A young tomboy, Watts, finds her feelings for her best friend, Keith, run deeper than just friendship when he gets a date with the most popular girl in school. Unfortunately, the girl's old... See full summary »
Mary Stuart Masterson,
Jake and Kristy Briggs are newlyweds. Being young, they are perhaps a bit unprepared for the full reality of marriage and all that it (and their parents) expect from them. Do they want ... See full summary »
Samantha's life is going downhill fast. The fifteen-year-old has a crush on the most popular boy in school, and the geekiest boy in school has a crush on her. Her sister's getting married, and with all the excitement the rest of her family forgets her birthday! Add all this to a pair of horrendously embarrassing grandparents, a foreign exchange student named Long Duc Dong, and we have the makings of a hilarious journey into young womanhood. Written by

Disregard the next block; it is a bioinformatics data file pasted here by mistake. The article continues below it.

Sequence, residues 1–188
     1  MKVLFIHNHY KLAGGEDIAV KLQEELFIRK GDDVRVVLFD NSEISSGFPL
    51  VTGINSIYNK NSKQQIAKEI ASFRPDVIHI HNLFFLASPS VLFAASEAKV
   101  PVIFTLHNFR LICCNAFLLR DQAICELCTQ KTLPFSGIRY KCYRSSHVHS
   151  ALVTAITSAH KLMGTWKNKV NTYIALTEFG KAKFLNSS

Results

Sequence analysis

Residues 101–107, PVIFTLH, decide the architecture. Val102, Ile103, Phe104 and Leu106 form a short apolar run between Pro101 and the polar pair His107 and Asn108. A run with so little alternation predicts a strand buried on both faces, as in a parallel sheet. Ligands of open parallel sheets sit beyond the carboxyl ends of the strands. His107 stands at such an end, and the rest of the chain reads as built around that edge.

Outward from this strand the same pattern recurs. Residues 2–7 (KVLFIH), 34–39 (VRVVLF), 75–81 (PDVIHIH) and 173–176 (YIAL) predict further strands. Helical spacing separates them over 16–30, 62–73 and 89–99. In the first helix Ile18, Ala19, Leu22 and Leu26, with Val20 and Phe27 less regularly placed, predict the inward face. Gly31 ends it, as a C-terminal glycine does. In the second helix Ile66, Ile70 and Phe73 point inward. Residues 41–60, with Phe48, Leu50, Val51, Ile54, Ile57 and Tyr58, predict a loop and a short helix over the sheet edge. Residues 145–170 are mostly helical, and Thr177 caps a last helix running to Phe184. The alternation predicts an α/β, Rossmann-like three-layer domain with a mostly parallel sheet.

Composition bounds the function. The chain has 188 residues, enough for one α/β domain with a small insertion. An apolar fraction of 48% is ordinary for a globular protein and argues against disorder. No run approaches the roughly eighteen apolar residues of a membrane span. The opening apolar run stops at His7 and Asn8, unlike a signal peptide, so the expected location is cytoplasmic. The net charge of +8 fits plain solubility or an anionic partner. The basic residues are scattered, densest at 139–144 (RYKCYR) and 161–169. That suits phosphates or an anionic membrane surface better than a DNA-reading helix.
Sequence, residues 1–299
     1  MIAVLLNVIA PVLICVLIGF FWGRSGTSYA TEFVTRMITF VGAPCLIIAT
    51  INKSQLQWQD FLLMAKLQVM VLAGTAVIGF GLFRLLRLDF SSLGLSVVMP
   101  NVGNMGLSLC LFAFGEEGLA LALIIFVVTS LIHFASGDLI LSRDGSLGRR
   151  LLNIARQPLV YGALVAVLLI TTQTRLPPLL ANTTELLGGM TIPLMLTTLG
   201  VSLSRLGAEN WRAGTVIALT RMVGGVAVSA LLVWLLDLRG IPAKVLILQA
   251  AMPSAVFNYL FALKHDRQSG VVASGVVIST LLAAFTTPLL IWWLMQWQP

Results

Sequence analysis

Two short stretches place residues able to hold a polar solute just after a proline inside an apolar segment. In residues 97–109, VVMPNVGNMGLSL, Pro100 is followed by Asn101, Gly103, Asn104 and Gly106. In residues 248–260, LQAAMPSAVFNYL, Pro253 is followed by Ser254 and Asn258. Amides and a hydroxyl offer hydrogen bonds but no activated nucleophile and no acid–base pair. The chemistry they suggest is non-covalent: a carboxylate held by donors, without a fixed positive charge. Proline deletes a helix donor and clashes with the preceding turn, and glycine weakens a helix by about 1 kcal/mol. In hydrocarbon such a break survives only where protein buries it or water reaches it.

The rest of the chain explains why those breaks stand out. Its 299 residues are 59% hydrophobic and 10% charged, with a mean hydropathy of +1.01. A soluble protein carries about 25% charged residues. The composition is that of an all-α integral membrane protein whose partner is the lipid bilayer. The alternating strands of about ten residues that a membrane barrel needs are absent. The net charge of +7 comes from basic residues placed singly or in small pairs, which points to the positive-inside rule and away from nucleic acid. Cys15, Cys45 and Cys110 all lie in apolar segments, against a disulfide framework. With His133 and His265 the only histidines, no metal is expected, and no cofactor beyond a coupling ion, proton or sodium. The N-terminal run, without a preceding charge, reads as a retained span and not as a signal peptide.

Rick Munoz <email@example.com>
In the book 'You Couldn't Ignore Me If You Tried: The Brat Pack, John Hughes, And Their Impact on a Generation' by Susannah Gora, Molly Ringwald says that because she and Anthony Michael Hall were too young to entertain themselves at bars or nightclubs, they often spent their Saturdays off from filming Sixteen Candles (1984) crashing the Bar and Bat Mitzvah receptions that were being held at the hotel in Skokie, Illinois, where the cast was being housed. See more »
When Caroline steps out of the Rolls-Royce, you can tell that she stepped onto a box or platform before walking off. See more »
The teen comedy to which every teen comedy made for the rest of eternity will be compared.
"Sixteen Candles" is one of those movies that has entered the vocabulary of Gen-Xers everywhere. All you have to do is say a line like: "Oh look, Frank, she's got her boobies"; or "Thanks for lending me the Donger here, he's totally bitchin'"; or "What's happening', hot stuff?", to anyone between the ages of 30 and 40, and I guarantee they'll know what you're talking about.
Molly Ringwald raised teen surliness to Shakespearean heights; Anthony Michael Hall channeled hormonal distress; and Joan Cusack brought acceptance to head-gear wearers everywhere, proving that kids with bad teeth are humans too.
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